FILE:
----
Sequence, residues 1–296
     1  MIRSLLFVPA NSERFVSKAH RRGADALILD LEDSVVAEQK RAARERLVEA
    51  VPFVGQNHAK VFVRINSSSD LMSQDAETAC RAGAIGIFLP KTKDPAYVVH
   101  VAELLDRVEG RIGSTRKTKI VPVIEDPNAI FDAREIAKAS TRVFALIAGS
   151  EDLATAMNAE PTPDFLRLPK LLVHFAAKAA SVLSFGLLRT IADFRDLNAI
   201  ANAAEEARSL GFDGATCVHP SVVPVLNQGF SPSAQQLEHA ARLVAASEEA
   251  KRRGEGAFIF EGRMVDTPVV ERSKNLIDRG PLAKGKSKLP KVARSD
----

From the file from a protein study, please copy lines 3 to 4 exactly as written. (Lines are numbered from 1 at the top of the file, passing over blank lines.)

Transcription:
    51  VPFVGQNHAK VFVRINSSSD LMSQDAETAC RAGAIGIFLP KTKDPAYVVH
   101  VAELLDRVEG RIGSTRKTKI VPVIEDPNAI FDAREIAKAS TRVFALIAGS